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Over the past four weeks, our series “Ghost Workers” has shed light on the day laborers, or jornaleros, of 69th Street and Roosevelt Avenue, in Woodside illuminating a way of life that many borough residents have never seen.
Many of these workers have undertaken perilous journeys from their homelands to reach our country. They wait every day on the street corners, uncertain whether they will find a job. Once at work, many face dangerous conditions; some are abused and cheated out of their promised pay, while others suffer injuries on their jobs, which employers often ignore.
We understand that some people believe that these day laborers, many of whom are undocumented, do not deserve the same protections and rights as American citizens. However, these workers are a vital part of the city’s economy and need help.
Instead of waiting on the corner for work, these jornaleros must have a place where they can take refuge from the cold and find the tools for integration into society. They should have a job center, which should include English classes, assistance with citizenship applications and career advice. It would serve both the workers and the surrounding community - because these laborers would be able to find the resources to create better lives for themselves.
Two years ago, the city council endorsed the creation of job centers to regulate wage and safety conditions, but little else has been done on the governmental level. The blueprint remains in limbo, and still nothing has been done for the jornaleros.
Instead, grassroots organizers have created job centers at two informal locations in Brooklyn with minimal support from elected officials. Meanwhile in Woodside, which many believe to be the largest day laborer gathering site in the city, no center exists.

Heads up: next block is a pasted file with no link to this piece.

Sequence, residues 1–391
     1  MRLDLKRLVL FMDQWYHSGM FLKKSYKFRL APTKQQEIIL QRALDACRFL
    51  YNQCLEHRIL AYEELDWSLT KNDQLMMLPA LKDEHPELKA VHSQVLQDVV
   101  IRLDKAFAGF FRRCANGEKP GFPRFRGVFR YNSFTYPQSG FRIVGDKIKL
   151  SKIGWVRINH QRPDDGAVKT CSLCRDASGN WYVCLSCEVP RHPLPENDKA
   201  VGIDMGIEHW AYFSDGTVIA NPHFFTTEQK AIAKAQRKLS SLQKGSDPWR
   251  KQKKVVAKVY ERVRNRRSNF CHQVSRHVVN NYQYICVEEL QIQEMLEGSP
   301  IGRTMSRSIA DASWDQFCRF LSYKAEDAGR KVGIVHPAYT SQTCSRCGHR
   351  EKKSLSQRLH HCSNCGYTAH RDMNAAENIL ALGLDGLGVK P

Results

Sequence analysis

The time to act is now.
We believe that the elected officials who represent this area must come up with the dollars - not just seed money, but full funding - to form a public/private partnership to make this Queens job center a reality.
The day laborers need help to get off the street corners and to be integrated into their communities. While we believe that this type of organized, fully-funded job center is needed in Woodside near 69th Street and Roosevelt Avenue, it should not be restricted to this site, but rather serve as a model for others to follow in the borough and the city.
Queens is the most ethnically diverse county in the country and has paved the way on a number of groundbreaking issues.
Let us continue to set the example by raising the funds necessary to create a job center for the “Ghost Workers” of 69th Street and Roosevelt Avenue.

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